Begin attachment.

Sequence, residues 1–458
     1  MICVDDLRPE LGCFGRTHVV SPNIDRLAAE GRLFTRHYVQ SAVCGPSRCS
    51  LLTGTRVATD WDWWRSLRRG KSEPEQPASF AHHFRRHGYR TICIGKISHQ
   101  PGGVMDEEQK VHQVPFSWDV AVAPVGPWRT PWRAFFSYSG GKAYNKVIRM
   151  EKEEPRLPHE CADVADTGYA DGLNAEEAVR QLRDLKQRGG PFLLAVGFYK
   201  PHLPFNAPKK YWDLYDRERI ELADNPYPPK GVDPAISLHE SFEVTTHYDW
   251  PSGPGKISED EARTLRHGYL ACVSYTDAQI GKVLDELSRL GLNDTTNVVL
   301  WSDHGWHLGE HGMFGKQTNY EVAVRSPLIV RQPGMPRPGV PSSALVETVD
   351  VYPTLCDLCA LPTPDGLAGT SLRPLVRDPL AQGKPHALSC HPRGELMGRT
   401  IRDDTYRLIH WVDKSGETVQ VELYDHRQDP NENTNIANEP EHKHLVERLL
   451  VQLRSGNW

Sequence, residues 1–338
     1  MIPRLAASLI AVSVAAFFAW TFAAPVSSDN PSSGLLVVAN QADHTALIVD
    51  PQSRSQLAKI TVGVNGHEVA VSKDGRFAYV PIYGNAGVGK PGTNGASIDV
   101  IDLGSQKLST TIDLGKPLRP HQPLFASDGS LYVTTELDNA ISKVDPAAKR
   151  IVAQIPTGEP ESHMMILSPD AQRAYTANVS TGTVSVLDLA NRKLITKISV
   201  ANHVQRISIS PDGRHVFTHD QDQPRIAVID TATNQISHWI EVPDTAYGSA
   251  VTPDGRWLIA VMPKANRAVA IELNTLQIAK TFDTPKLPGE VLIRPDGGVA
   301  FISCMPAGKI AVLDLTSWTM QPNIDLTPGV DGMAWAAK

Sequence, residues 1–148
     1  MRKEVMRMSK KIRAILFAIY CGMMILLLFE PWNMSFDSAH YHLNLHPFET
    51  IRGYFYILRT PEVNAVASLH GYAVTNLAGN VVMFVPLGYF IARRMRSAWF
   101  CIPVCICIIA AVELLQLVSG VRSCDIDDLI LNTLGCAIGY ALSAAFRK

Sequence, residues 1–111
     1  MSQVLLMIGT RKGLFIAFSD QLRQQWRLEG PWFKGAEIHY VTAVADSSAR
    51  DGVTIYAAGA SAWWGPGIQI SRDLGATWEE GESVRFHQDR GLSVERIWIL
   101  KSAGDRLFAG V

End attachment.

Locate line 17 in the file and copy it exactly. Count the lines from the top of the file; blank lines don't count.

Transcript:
   201  ANHVQRISIS PDGRHVFTHD QDQPRIAVID TATNQISHWI EVPDTAYGSA